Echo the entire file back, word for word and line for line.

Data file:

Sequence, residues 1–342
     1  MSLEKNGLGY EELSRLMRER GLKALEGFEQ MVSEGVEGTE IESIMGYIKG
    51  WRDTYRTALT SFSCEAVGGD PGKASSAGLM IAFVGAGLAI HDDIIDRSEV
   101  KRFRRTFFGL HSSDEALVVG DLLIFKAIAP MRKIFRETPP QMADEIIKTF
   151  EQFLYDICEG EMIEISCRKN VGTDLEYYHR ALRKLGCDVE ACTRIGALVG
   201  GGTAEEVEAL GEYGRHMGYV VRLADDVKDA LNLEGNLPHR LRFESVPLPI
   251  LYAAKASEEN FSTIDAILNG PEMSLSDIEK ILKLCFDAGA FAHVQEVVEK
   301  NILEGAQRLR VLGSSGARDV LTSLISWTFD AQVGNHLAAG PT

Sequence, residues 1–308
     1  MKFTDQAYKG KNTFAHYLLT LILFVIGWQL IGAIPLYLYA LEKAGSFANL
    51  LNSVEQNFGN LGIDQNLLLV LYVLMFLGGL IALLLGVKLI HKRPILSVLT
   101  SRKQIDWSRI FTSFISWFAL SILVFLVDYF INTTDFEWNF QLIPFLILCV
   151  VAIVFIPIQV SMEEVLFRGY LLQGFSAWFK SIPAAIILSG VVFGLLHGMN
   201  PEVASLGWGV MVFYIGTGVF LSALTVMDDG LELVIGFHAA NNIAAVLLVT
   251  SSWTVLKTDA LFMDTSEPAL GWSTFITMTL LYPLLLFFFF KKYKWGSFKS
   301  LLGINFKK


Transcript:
Sequence, residues 1–342
     1  MSLEKNGLGY EELSRLMRER GLKALEGFEQ MVSEGVEGTE IESIMGYIKG
    51  WRDTYRTALT SFSCEAVGGD PGKASSAGLM IAFVGAGLAI HDDIIDRSEV
   101  KRFRRTFFGL HSSDEALVVG DLLIFKAIAP MRKIFRETPP QMADEIIKTF
   151  EQFLYDICEG EMIEISCRKN VGTDLEYYHR ALRKLGCDVE ACTRIGALVG
   201  GGTAEEVEAL GEYGRHMGYV VRLADDVKDA LNLEGNLPHR LRFESVPLPI
   251  LYAAKASEEN FSTIDAILNG PEMSLSDIEK ILKLCFDAGA FAHVQEVVEK
   301  NILEGAQRLR VLGSSGARDV LTSLISWTFD AQVGNHLAAG PT

Sequence, residues 1–308
     1  MKFTDQAYKG KNTFAHYLLT LILFVIGWQL IGAIPLYLYA LEKAGSFANL
    51  LNSVEQNFGN LGIDQNLLLV LYVLMFLGGL IALLLGVKLI HKRPILSVLT
   101  SRKQIDWSRI FTSFISWFAL SILVFLVDYF INTTDFEWNF QLIPFLILCV
   151  VAIVFIPIQV SMEEVLFRGY LLQGFSAWFK SIPAAIILSG VVFGLLHGMN
   201  PEVASLGWGV MVFYIGTGVF LSALTVMDDG LELVIGFHAA NNIAAVLLVT
   251  SSWTVLKTDA LFMDTSEPAL GWSTFITMTL LYPLLLFFFF KKYKWGSFKS
   301  LLGINFKK